One Friday night he was in the building’s control room on the 15th floor of the office tower when everything pretty much lit up at once then immediately went dark. The fire alarms made one brief honk and died, the HVAC systems completely powered down, elevator controls blanked out and the elevators stalled (luckily, this being like 1 AM, nobody was using them!), and the phone was dead. He walked down many, many stairs to the lobby, and as he did he noticed no air flowing into the stairwell. At the first level, thick stinging smoke gushed out of the vent that was supposed to blow clean air into the stairwell. Upon exiting through the lobby doors, he saw smoke roaring out of the garage entrance as the fire department rolled up. The giant fans on the roof were not running, and the fire department deployed portable smoke evacuation fans to clear things up.
Once the smoke was cleared, a giant piece of sheet metal that looked like it’d been worked over with oxyacetylene torches on one side was found at the bottom of the helix. He looked at it and identified it as having been an access panel that was partway up the helix and had been used to install a transformer or something that was too big to fit through the normal maintenance access doors into that space.
The building engineers had Florida Power & Light de-energize things, then took one look inside the helix and walked quickly out. What they found looked like the remains of a fiery tornado from hell had spun around inside the space a few times and vaporized everything before overpressurizing the big concrete tube it was all installed in, blowing out the access panel and blowing up the vent duct at the top like a balloon, and cracking the concrete all around. The basement was also now full of smoke and steam that’d been blown downwards when the whole thing went WHOOMP and buckled a thick steel floor panel, shot it into the basement, and sliced it through several gutters full of high voltage cables like a hot knife through butter. Amazingly, the one thing that survived was the remains of the drain pipe, with the plugged horizontal section of it found wedged in the remains of a breaker panel. A high water line was visible about a foot up the wall, where the water had come right up into some 14KV Pringle switches, and once you pop, you just can’t stop—-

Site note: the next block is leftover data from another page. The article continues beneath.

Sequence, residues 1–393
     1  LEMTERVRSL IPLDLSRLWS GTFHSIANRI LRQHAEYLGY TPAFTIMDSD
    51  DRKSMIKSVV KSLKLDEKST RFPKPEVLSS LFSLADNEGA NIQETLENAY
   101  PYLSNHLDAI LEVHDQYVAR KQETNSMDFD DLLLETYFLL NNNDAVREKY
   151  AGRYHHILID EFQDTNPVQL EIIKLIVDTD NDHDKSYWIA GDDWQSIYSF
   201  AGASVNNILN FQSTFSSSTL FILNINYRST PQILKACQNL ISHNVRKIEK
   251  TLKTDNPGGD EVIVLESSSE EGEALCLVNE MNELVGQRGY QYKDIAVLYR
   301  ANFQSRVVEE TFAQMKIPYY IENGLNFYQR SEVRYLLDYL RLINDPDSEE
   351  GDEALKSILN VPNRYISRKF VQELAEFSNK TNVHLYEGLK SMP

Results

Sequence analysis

What followed was a Herculean effort to get the place back in operation… the switchgear had to be bypassed using a temporary setup installed in a cargo container, structural engineers had to come in and figure out how to repair the helix that had been poured and fabricated in place since the concrete center was beat to hell, and thousands of gallons of water had to be pumped out of the remains of the switchgear room and the basement. Amazingly, they were all back up and running by Monday morning, but the foul metallic smelling smoke with hints of turdwater and dish soap had permeated the entire complex via the basement space.
Hurricane Andrew came along about a month later, and after it caused a near miss with almost flooding the switchgear AGAIN with salt water, a portion of the garage several levels up was walled off and the electrical cables and switchgear were relocated up there.
At the time they had some special arrangement to make sure this never showed up on the news, however, he actually did make news accidentally a year or so later – someone was riding by in a limousine outside when the limo’s A/C compressor popped and died hard under the hood, causing a great eruption of smoke and fire. He walked up and assisted everyone inside the limo off to safety, and the paparazzi caught pictures! It was published in the National Enquirer with some wacked out eyebait* headline like “heroic security guard saves (whoever it was) from car explosion”.
* I guess “clickbait” before clickbait was a thing? I dunno. I’m just an engineer, ok?